OPINIONS Why ROK is slow to implement Panmunjom Declaration


Why ROK is slow to implement Panmunjom Declaration


07:40, August 14, 2018


(Photo: CGTN)

The Democratic People's Republic of Korea (DPRK) (DPRK) and Republic of Korea (ROK ) had high-level talks at Panmunjom on August 13 to review the process of carrying out the Panmunjom Declaration which was adopted on April 27 during a historic summit between ROK President Moon Jae-in and the leader of DPRK Kim Jong Un. 

Just one day ahead of this scheduled meeting, a DPRK external news website, Uriminzokkiri, blamed the ROK for slow progress and its "blind obedience" to US-led sanctions.

Cheng Xiaohe, a professor at the School of International Studies at Renmin University of China and a senior researcher with Pangoal Institute, analyzed the implementation of the Panmunjom Declaration and the potential topics for the inter-Korean relations.

Cheng said that both Koreas have made progress on the implementation of the accord. "They had meal-to-meal talks and military communications. And also, the two Koreas agreed to set up the liaison office in Kaesŏng," he said.

And talks on several areas have taken place. For example, talks on modernization, on connections of railways and roads, and the environment.

However, according to Cheng, on the side of the ROK, the progress is relatively slow. Cheng gave some explanations for this. 

The first reason is the fact that mutual suspicion is deeply rooted and this will take time for the two sides to overcome. Secondly, some difficult issues, like denuclearization and the peace treaty, make things much more complicated.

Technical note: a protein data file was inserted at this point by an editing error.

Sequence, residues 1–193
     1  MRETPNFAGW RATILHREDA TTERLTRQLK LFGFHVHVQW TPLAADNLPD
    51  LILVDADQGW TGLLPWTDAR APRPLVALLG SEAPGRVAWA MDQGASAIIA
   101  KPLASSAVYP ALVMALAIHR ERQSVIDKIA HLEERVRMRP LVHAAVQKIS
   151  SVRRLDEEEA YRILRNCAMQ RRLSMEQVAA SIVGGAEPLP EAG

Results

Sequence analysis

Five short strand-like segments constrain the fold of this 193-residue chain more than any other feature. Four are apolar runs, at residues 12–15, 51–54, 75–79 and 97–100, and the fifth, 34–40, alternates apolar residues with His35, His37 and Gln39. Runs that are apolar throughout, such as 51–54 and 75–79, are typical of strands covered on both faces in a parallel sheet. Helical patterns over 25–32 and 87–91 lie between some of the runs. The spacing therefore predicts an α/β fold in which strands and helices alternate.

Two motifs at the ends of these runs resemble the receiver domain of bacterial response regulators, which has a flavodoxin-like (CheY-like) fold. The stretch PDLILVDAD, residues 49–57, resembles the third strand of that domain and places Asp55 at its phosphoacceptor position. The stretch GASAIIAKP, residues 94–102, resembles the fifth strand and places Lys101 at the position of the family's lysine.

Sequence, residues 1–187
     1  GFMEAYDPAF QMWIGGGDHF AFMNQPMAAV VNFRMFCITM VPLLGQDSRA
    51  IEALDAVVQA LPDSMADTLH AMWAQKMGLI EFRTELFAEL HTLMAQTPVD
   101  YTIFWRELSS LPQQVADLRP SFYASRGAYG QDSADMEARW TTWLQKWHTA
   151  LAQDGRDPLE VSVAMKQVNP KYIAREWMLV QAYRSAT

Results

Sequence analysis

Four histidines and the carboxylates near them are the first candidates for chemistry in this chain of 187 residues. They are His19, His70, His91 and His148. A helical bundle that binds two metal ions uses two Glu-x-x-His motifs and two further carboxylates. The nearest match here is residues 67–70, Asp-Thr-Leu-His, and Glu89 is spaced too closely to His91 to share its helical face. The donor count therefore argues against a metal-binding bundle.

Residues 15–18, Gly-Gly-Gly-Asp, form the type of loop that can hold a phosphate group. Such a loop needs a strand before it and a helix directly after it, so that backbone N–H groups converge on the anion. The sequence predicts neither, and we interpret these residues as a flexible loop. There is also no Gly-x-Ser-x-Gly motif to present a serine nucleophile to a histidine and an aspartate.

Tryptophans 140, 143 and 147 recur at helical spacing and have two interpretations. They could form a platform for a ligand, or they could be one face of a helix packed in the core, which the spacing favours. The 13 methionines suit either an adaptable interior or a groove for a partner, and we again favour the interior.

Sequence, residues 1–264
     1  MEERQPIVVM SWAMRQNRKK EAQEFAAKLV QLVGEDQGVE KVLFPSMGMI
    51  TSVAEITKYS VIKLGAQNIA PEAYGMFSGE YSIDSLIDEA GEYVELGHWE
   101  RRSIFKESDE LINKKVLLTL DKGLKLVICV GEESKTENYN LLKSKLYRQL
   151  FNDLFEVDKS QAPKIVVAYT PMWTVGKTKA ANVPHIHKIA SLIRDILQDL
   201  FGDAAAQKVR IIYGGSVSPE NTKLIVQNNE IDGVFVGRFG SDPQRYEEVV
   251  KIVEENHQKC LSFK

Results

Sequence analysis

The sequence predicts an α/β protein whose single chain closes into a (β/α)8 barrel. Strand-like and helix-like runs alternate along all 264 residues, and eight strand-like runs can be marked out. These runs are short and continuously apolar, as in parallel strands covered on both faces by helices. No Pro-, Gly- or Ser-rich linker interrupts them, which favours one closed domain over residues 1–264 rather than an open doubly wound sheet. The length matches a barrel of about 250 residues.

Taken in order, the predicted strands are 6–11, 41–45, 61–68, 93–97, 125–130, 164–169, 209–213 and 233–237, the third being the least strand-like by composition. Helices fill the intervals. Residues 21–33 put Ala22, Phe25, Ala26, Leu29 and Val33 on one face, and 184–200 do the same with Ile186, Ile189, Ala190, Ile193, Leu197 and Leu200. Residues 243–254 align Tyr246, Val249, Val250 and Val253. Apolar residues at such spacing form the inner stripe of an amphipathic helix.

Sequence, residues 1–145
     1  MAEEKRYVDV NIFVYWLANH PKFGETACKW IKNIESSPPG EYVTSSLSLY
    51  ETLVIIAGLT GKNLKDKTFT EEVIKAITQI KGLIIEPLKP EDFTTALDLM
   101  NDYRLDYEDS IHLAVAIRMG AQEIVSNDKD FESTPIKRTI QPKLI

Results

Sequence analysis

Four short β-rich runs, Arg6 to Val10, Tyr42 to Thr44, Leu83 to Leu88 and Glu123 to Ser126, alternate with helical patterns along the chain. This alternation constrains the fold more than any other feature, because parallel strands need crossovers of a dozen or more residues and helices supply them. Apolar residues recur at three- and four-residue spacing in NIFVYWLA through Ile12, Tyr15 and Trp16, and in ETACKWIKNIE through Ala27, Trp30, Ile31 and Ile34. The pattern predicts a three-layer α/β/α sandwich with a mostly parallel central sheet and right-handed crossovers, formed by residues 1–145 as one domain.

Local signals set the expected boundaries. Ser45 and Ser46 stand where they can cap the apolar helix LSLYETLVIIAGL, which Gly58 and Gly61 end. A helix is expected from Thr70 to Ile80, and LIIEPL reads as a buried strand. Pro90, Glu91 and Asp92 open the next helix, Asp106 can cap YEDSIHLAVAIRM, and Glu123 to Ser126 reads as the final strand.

Cheng describes the relations between the US and the ROK as the most important factor. Talks between the US and the South seems to have been stalled. In his opinion, as long as the relations between the US and the ROK fail to advance, the latter will struggle to work ahead on economic cooperation with DPRK.

Cheng thinks that the ROK is more than a middleman between the DPRK and the US. It plays two other roles. One role is as the DPRK's competitor which ROK has been for more than 70 years. In the other, it tries to play the DPRK's partner, given all the cooperation and mechanisms that they have built.

The ROK seems to have been squeezed. On the one hand, the DPRK has blamed it for the slow progress on economic cooperation. On the other hand, the US opposes ROK moving ahead with its economic cooperation with the DPRK.

Cheng thinks the South will seize the chance with the DPRK leader to explore a realistic action plan and to make things happen, including denuclearization. And they will also explore the possibility to make denuclearization the end of the war. These two issues connect with each other. "Nonetheless, one of the sides needs to take the lead," added Cheng.

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